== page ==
While the Battle of Messines was a success its ferocity left more than ten thousand Australian soldiers dead, wounded, missing or suffering severe shell shock. Soldiers who made it back found their battalions decimated. Sometimes they had seen a mate fall but that was the last they’d seen of him. Desperate for news, unable to find out any information in France or Belgium, they cabled or wrote to Annie Wheeler telling her their mate was missing and asked her to to investigate.
In June 1917 Annie’s list of missing was growing. Some boys, Lonergan and Lupton hadn’t been seen since the Battle of Bullecourt and others Palfrey, Boyd and Dodd since Messines. Annie gave their names to Mary Chomley who headed the Red Cross Prisoner of War Department who also made enquiries. In early June Annie got a letter from Lonergan, letting her know he was a prisoner of war and then a few days later Alexander Lupton’s letter arrived. He was also a prisoner of war.
A little later Annie located Dodd and Boyd in POW camps but unfortunately she discovered Palfrey had been killed in action. Arthur Nixen wrote to let her know his brother had been wounded but his brother-in-law Bert had been killed. Annie was able to tell Arthur, Bert wasn’t dead but was a prisoner of war in Germany. As soon as Annie knew where her boys were she sent parcels of food and other comforts. The Red Cross sent parcels for a small fee and families cabled Annie money to pay on their behalf.
There were often mix ups in the cables but if the money didn’t arrive Annie would pay the Red Cross herself. William Humphries’s money had been cabled under Humphrey’s but luckily it was the Commonwealth Bank and Annie was able to sort it out. Annie was scrupulous with her accounting and acknowledged every donation. In June ten pounds was cabled to Mrs H. J. Wheeler. The bank manager realised it was meant for Annie but it took Annie months to work out the money was from the Rockhampton Bowling Club. The Central Queensland community appreciated Annie’s work and with donations increasing Mary Trotman urged Annie to hire some help to “keep pace with the letters”. In late June Annie took her advice and put an ad in the British Australiasian for a “shorthand writer and typist, Queenslander preferred”.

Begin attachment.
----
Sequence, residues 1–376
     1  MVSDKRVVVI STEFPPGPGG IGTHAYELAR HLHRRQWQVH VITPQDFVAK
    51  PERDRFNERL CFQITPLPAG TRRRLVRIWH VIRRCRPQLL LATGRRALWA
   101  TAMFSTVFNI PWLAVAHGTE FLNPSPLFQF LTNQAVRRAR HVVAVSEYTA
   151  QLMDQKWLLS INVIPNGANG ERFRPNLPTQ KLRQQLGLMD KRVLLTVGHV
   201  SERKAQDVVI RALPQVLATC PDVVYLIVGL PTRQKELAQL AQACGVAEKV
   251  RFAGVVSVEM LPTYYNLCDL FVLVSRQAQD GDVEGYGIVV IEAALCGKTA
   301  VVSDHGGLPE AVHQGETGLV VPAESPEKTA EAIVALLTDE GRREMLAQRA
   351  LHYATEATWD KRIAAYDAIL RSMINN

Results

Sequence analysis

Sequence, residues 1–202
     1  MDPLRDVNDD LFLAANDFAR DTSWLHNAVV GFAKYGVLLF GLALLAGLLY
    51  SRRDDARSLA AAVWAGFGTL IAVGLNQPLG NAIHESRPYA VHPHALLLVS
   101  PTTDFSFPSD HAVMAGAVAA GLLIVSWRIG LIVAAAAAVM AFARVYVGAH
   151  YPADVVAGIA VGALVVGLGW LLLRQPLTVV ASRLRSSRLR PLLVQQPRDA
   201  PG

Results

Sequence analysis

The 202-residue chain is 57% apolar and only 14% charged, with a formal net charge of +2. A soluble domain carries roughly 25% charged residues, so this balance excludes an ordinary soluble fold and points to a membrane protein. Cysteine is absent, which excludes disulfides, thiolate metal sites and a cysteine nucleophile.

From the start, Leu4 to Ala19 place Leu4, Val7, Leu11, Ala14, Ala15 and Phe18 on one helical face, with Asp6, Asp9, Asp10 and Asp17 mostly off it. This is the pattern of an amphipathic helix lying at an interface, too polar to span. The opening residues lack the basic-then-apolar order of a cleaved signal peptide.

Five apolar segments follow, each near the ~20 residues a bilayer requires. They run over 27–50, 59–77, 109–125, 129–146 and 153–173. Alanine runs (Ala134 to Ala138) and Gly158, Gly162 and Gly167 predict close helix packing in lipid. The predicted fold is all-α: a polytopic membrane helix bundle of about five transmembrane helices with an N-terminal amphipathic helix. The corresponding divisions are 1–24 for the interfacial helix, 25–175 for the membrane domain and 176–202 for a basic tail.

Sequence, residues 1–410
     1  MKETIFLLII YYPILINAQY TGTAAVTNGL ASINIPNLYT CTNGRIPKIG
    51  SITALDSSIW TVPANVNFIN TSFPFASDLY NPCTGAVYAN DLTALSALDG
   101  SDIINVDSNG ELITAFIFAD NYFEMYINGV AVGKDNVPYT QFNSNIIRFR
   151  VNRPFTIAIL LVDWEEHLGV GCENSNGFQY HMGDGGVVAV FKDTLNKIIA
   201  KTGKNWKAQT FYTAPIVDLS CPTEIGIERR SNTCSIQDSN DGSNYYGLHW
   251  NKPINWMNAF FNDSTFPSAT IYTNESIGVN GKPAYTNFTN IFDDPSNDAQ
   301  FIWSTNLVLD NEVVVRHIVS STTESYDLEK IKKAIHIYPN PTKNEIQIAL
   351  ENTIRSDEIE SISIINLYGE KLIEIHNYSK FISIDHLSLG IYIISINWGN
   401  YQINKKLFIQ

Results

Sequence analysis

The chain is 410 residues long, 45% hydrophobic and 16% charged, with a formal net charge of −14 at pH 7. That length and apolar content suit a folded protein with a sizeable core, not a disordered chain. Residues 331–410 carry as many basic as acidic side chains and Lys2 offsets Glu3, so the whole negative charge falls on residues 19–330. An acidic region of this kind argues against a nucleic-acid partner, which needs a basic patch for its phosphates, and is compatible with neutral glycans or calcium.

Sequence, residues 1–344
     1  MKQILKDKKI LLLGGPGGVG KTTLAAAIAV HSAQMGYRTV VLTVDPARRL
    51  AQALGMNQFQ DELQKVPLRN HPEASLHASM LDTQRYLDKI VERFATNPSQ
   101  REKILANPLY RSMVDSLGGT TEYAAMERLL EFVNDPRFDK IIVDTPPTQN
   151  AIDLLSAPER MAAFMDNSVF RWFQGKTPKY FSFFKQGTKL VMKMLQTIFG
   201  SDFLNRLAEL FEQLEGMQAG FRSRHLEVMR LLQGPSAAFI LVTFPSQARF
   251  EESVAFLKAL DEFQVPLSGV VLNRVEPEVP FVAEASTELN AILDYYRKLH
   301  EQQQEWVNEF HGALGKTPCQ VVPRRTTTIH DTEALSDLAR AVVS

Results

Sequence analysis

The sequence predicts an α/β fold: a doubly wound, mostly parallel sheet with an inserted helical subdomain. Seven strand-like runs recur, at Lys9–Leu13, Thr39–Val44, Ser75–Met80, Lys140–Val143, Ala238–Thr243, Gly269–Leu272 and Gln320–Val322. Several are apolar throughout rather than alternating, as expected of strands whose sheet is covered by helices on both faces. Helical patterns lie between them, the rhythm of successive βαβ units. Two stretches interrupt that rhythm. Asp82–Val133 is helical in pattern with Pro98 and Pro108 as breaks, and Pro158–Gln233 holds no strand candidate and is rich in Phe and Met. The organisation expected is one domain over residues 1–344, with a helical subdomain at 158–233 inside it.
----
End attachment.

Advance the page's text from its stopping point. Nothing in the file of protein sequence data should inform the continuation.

Annie often ran into boys from home. Returning to the station after visiting Lieutenant Watts in Harfield Hospital she came across Angus Leitch lying on a stretcher on the platform waiting to be taken to the same hospital. Going down in a crowded lift in Paddington station two soldiers turned around and exclaimed “Mrs Wheeler”. It was Private Godsell. He recognised Annie’s voice. He had sold Annie boots when he worked at Davis and McDongall’s in Rockhampton.
Sadly one hundred years ago on the 26th June she received news her friend George Hartley had been killed. George had been a frequent visitor and she had only seen him in May on his way back to France after being wounded at Bullecourt. His cousin Claude Murphy had cabled her. George had died in a clearing station and Claude had gone back to the village behind the casualty clearing station to see if he could find the place where George had passed away. He was unsuccessful at the time but told Annie he would find out the particulars of George’s death. Annie’s heart went out to Claude who had lost a brother and two cousins within a month of each other.
Annie’s letters to Mary Trotman printed in The Capricornian have been digitised by the NLA and are available online.
Soldier’s war records have been digitised by the NAA and are available online